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Saint Peter's Basilica, Rome
(by Carlo Maderno 1556-1629)

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The Vatican 1991.  Triptyque showing a panoramic view of St. Peter's Basilica, Rome.

Italy 1956. Carlo Maderno. 400th birth anniversary.

Carlo Maderno (1556-1629), was an Italian architect, whose work prefigured the Baroque style of the 17th century. He was active during the transition from High Renaissance to Early Baroque. 

In his earliest and best design -- the elegant façade of the church of Santa Susanna in Rome (1603) -- he went beyond the then current Mannerist Style to create a massive, logical design that uses a system of carefully judged proportions to focus attention on the central portal. 

  • Italy 1956. Carlo Maderno. 400th Birth Anniversary. 

He also completed the unfinished façade (1614) of St Peter's Basilica in Rome. Between 1606 and 1612 he built the nave extension and façade of the church, which Donato Bramante had begun approximately 100 years earlier. 

His style influenced the Baroque architects Francesco Borromini and Gianlorenzo Bernini. 

  • The Vatican 1949.  Special Delivery Stamp, showing a full view of St. Peter's in Rome, with the Colonnade and the Obelisque in the center. The dome was designed by the Italian Renaissance painter Michelangelo, but was not finished in his lifetime. 

The Vatican 1949. Special delivery stamp. Full View of St. Peter's in Rome.

The Vatican 1933. Panoramic View of St. Peter's Basilica. The Vatican 1933. The Dome of St. Peter's Basilica, Rome. The Vatican 1933. Special delivery stamp. Aerial View of St. Peter's Basilica and the Vatican.

The Basilica is named after the apostle Peter, who died c. 64 AD, and was the most prominent of the 12 disciples of Jesus Christ, a leader and missionary in the early Church, and traditionally the first bishop of Rome.  The below stamp shows the statue of St. Peter by Guiseppe De Fabris (1790-1860) in front of St. Peter's Basilica.  In his right hand Peter holds a key, and in his left hand a scroll.  Behind St. Peter, on the balustrade of St. Peter's Church  (top left on the stamp) is the Apostle Philip with his attribute, The Latin Cross.  To right of Philip further two apostles.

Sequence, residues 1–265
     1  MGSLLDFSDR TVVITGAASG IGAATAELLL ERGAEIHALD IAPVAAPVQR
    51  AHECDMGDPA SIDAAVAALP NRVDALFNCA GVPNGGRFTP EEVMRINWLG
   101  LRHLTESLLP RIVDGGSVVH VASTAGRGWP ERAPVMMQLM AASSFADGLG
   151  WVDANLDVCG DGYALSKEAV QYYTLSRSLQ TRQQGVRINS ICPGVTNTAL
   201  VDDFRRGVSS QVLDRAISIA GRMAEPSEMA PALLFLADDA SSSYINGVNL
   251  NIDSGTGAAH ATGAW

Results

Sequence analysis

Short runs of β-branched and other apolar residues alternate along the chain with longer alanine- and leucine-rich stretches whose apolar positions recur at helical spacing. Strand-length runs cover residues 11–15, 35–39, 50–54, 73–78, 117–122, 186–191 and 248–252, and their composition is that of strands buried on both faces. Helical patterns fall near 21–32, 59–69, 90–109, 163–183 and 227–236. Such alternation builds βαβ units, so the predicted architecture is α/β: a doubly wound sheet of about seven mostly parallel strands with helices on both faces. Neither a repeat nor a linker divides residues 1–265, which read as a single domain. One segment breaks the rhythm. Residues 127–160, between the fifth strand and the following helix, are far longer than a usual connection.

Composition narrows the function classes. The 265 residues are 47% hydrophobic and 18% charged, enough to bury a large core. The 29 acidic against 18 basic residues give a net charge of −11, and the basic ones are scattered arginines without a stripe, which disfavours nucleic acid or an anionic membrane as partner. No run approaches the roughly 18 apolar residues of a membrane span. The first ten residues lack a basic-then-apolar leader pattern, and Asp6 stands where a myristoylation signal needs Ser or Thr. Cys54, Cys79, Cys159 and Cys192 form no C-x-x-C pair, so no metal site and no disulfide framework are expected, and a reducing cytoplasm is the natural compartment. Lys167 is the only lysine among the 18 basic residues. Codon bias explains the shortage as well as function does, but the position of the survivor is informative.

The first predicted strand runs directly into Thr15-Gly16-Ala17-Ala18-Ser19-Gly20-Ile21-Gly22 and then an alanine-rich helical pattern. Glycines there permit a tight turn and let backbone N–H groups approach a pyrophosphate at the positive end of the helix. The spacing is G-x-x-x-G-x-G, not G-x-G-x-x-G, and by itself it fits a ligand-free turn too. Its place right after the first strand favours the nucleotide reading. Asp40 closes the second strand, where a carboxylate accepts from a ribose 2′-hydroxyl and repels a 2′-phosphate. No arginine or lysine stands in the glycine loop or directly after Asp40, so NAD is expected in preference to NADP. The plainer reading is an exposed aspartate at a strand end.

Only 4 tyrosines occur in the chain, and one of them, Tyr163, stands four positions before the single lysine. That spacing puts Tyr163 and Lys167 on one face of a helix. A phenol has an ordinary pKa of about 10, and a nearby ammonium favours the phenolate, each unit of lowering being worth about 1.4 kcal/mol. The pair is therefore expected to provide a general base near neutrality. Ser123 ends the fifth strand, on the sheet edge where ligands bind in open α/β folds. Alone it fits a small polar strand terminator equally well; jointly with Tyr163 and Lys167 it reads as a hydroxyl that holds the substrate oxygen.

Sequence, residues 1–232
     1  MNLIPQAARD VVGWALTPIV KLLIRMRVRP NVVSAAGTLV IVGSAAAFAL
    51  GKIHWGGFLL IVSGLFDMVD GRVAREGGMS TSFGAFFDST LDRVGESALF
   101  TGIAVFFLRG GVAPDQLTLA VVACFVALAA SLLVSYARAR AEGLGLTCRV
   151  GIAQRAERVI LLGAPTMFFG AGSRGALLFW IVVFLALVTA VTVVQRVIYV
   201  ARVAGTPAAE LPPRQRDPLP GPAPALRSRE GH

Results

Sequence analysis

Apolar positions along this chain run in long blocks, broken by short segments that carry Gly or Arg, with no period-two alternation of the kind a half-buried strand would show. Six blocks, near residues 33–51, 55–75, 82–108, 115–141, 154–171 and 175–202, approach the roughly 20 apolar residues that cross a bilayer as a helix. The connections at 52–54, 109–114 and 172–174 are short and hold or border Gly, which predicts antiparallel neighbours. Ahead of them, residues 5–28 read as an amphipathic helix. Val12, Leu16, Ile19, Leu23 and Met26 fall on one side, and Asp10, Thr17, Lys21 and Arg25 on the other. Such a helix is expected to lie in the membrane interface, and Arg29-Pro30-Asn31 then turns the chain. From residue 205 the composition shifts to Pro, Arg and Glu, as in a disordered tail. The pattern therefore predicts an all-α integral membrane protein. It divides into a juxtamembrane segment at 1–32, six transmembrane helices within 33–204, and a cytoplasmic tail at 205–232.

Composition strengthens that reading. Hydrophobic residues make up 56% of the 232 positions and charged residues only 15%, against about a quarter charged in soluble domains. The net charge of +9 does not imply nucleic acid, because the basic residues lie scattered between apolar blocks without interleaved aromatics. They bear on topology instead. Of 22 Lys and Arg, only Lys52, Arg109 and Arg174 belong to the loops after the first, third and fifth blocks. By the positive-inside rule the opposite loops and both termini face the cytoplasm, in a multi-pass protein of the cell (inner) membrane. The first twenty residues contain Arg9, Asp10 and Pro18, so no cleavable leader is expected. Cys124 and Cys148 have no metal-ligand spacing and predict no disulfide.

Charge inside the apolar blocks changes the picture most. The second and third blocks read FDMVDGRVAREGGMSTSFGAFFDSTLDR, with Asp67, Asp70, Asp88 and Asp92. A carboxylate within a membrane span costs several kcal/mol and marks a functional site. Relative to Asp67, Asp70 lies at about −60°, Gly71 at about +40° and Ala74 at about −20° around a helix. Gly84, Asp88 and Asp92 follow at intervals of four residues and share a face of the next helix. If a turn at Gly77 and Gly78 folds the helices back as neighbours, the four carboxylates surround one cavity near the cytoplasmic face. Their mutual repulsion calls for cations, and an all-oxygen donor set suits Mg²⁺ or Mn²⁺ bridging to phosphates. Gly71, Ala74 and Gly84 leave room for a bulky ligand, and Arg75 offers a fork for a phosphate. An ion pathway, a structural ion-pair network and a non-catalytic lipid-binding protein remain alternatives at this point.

Scholars have had considerable difficulty in advancing from these traditions to the historical Peter, but one of the most important of the traditional elements is also one of the most historically secure: 

The Vatican 1938. Air Post Stamp, showing St. Peter.

Peter was the first to receive a revelation of the risen Jesus Christ (see 1 Corinthians 15:3; Luke 24:34). 

From this point other aspects of the picture of Peter have been developed, notably the change of his name from Simon to Peter. 

  • The Vatican 1938.  Air post stamp (considerably enlarged), showing St. Peter. 

  • The Vatican 2000.  St. Peter's Basilica with an image of the Apostle appearing behind the church.  

The Vatican 2000. St. Peter's Basilica with an image of the Apostle apparing behind the Church.

From the references to Peter in the Gospels it is known that the name he received at birth and with which he grew up was Simon. The Greek word petros ("rock") and its Aramaic equivalent, cephas, were not in use as personal names. "Peter" is thus a metaphorical or symbolic designation that came in time to function as the name of the man in question. The symbolic name in its Aramaic form may have arisen in connection with the affirmation that the resurrected Lord appeared first to Simon, that appearance and thus Simon himself serving as a sort of foundation stone of the Church. 

The Vatican 1986. Six se-tenant stamps in a composite design, showing the Vatican City and St. Peter's Cathedral. The Vatican 2000. Modern First Day Cover, cancelled 15th March 2000.

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